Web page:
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Zolpidem is approved for the short-term (usually two to six weeks) treatment of insomnia, and it has been studied for nightly use up to six months in a single-blind trial published in 1991, an open-label study lasting 180 days published in 1992 (with continued efficacy in patients who had kept taking it as of 180 days after the end of the trial),  and in an open-label trial lasting 179 days published in 1993.
The United States Air Force uses zolpidem as a substitute for temazepam, under trade name Ambien, as "no-go pills" to help pilots sleep after a mission; the main drug used for the purpose is temazepam (Restoril). (Cf. the "go-pills" dextroamphetamine, served under the name Dexedrine, or its recent modafinil (Provigil) replacement, act as a stimulant for the same pilots, the effects of which are reversed by the aforementioned "no-go pills")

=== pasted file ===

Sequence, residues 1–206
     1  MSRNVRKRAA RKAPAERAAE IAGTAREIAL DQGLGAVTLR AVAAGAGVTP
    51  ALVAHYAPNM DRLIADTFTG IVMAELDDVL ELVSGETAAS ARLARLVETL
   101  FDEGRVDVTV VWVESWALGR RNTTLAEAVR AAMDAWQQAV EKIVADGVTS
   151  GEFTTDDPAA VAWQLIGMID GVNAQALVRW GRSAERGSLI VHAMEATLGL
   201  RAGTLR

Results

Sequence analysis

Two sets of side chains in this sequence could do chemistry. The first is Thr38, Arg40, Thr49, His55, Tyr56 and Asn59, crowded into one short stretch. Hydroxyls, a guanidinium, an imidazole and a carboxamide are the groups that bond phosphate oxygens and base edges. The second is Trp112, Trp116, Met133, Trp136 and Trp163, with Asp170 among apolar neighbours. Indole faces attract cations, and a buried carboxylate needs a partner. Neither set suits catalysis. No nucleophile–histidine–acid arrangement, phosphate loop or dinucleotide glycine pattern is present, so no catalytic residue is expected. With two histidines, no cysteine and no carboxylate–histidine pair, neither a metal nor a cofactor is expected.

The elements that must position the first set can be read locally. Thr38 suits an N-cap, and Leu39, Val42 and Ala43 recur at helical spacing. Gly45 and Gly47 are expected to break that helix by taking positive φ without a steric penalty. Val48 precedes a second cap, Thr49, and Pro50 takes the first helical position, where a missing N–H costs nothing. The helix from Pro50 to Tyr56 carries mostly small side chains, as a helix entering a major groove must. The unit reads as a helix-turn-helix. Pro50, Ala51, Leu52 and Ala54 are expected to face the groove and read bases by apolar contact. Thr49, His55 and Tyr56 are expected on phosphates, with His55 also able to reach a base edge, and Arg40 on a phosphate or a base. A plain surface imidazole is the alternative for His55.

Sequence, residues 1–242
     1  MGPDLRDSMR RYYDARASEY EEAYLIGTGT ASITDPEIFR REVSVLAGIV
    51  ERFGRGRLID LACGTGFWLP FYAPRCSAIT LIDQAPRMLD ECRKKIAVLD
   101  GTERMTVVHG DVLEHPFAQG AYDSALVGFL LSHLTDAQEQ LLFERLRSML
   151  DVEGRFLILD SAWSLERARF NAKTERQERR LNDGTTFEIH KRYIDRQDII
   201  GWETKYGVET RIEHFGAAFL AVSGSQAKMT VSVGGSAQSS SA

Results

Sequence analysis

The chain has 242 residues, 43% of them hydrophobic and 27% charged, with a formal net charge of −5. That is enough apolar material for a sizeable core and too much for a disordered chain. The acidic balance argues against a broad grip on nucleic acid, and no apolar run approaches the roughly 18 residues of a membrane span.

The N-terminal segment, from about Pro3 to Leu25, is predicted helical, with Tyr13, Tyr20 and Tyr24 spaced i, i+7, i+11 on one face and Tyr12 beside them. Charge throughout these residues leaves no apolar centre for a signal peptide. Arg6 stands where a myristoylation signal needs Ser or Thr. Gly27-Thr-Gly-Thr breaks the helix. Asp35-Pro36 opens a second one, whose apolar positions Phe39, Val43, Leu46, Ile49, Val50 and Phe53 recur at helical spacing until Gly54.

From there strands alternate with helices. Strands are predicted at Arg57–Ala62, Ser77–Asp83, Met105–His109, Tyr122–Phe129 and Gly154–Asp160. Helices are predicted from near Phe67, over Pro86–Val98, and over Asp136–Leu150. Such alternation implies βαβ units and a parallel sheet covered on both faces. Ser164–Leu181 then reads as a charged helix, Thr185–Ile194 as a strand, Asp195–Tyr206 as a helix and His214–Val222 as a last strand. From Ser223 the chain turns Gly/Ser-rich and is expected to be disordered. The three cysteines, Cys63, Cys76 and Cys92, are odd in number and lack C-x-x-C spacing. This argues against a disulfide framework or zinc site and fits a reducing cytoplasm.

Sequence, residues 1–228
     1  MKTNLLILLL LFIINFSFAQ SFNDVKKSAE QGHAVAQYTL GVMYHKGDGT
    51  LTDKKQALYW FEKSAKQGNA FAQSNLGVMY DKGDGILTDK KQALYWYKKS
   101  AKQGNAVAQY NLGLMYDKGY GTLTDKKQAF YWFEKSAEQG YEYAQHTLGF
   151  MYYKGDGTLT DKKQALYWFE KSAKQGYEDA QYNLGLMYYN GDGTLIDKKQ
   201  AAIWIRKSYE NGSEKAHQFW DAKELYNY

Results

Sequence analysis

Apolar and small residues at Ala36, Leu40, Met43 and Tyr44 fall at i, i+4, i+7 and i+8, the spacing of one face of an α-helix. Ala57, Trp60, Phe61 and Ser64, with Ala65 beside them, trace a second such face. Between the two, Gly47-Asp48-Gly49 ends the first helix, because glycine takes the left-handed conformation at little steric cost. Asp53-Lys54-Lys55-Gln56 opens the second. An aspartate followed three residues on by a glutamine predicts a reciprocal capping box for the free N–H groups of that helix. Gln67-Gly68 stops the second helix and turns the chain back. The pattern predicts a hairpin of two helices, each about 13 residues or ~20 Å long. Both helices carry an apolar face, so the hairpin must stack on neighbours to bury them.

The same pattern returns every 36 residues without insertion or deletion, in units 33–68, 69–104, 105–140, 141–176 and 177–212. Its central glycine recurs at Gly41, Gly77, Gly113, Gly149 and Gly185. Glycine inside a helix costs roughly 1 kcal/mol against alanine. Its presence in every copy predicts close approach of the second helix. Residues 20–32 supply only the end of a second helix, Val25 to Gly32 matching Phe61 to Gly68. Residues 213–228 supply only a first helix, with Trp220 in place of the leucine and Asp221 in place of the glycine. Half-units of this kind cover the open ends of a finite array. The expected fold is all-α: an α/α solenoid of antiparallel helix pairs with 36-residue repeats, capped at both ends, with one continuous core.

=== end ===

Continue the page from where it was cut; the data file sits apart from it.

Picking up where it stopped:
Zolpidem is also used off-label to treat restless leg syndrome and, as is the case with many prescription sedative/hypnotic drugs, it is sometimes used by stimulant users to "come down" after the use of stimulants such as amphetamines (including methamphetamine), cocaine, or MDMA (ecstasy).
Recently, the drug has been reported anecdotally to have positive effects for patients in persistent vegetative state. Results from phase IIa trials are expected in June 2007. The trials are being conducted by Regen Therapeutics of the UK, who have a patent pending on this new use for Zolpidem.
A clinical trial on a single patient performed at the Toulouse University Hospital using PET shows that zolpidem repeatably improves brain function and mobility of a patient immobilized by akinetic mutism caused by hypoxia.Source(s): http://en.wikipedia.org/wiki/Zolpidem